generation stage apply the seal of deity yoga to all perceptions and activity, thereby
transforming what would be neutral actions such as moving about, walking, sitting
and so on. They thus create great opportunities for the twofold accumulations with
mantra, mudrā and such means. What need is there to mention, then, that a similar
principle applies here?

Nevertheless, without settling directly in pure awareness, merely to entertain the


idea that all that arises is the self-expression of pure awareness will not bring about
even so much as a semblance of genuine confidence in self-liberation. You will only

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end up under the sway of delusion as a result of karma and mental afflictions like an
ordinary worldy person.

You asked: Must dualistic perceptions fade in such meditative equipoise? And: Is
there no recognition of the pure awareness of the Great Perfection until dualistic
perception fades?

When you arrive at the higher realisation of the four visions, the pacification of all
elaborations of dualistic perception during equipoise does occur. Nonetheless, this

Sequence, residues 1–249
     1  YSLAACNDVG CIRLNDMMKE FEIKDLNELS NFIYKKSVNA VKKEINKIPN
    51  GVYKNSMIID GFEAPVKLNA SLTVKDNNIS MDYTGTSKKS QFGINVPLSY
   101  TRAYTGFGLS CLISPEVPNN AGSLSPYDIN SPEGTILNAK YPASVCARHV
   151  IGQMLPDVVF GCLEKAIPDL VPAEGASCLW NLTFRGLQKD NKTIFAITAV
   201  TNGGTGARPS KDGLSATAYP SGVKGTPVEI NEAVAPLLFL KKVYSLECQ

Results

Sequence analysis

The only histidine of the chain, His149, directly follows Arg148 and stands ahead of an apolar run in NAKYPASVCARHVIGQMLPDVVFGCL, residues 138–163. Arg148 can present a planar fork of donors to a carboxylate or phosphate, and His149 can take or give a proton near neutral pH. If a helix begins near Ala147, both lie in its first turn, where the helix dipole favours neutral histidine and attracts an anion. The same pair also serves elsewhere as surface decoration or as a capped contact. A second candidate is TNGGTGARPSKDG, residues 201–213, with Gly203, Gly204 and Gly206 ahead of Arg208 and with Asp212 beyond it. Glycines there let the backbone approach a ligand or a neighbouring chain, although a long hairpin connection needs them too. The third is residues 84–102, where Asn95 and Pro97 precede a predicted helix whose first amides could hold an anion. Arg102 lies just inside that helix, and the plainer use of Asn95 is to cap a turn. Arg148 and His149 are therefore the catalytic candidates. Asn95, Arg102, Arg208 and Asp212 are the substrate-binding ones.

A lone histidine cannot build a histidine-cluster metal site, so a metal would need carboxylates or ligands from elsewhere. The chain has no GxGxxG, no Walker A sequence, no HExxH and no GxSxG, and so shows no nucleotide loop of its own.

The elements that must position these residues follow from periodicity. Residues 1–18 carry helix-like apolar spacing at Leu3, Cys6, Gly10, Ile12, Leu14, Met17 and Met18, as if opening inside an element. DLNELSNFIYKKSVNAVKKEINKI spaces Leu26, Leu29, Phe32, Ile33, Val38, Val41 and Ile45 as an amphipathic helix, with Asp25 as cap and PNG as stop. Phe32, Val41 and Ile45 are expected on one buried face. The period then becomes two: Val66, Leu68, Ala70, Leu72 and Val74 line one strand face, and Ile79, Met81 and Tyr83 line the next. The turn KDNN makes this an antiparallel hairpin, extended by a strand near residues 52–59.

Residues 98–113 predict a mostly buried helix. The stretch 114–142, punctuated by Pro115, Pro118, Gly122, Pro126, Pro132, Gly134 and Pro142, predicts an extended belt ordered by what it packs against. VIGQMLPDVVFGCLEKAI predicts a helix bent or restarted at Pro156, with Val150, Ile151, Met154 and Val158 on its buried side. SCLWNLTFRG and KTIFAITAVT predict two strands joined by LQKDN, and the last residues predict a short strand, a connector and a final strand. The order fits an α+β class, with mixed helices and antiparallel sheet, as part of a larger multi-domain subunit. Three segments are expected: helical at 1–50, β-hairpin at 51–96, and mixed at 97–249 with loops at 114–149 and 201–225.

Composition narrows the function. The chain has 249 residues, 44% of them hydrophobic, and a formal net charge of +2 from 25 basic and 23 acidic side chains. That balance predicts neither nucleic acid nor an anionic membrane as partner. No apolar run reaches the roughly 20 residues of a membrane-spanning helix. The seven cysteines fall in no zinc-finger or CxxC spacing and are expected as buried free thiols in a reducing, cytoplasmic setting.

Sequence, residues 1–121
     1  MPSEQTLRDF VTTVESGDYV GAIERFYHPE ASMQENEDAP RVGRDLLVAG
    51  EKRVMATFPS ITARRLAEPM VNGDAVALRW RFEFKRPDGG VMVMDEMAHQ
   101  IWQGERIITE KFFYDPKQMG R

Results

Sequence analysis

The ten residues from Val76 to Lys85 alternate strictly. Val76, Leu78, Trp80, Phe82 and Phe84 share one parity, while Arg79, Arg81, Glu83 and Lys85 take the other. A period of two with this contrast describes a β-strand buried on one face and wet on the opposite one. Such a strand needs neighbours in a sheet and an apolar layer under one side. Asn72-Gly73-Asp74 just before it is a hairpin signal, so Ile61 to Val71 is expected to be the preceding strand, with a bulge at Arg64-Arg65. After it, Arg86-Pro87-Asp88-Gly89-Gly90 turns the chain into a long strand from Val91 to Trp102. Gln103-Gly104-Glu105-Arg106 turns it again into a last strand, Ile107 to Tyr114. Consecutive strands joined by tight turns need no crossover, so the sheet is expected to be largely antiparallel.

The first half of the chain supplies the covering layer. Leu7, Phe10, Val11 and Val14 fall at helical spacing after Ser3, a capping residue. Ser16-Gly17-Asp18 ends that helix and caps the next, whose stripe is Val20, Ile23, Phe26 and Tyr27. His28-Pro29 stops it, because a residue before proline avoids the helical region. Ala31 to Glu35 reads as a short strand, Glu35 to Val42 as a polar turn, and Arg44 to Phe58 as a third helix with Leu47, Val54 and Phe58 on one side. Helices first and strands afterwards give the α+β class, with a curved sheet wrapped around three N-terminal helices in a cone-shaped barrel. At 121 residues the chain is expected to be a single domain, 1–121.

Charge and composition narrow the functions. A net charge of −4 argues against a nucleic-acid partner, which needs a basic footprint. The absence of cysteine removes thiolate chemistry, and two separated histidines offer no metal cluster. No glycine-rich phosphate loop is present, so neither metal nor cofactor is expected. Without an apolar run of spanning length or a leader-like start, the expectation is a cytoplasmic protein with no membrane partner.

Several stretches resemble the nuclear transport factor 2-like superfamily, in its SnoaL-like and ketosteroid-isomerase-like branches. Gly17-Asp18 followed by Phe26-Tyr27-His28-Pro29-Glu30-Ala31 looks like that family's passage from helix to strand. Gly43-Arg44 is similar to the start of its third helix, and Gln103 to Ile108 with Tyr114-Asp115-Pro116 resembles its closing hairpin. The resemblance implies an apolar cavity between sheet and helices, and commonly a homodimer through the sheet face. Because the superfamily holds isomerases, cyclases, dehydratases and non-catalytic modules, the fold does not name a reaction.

does not occur in all forms of meditation on the pure awareness of the Great
Perfection. This can be understood from what I explained earlier about clear light
having many degrees of strength.

You said: I have heard from an oral tradition that by meditating while sustaining the
continuity of mindfulness, at some point a form of mindfulness arises as a feature of
pure awareness itself. However, I have not investigated the matter thoroughly. So,
how is it?

The common concentration of resting the mind has an aspect of stillness , but
involves a temporary support and is therefore weak. By contrast, the concentration
of self-abiding pure awareness is an innate property of the genuine nature, so it is
not separate from the ‘fluidity’ of dharmatā, as is taught in Treasury of the Supreme
Vehicle and Chariot to Omniscience. This means that there is no deliberate
recollection of an object of focus — what we call ‘conditioned mindfulness’ — within
pure awareness itself. Instead, there is effortless, naturally present mindfulness or
intrinsic, uncontrived mindfulness. That is to say, clear light is maintained and there
is what we call ‘genuine mindfulness that prevents straying into the expressions of
awareness’. This form of mindfulness comes about once pure awareness is made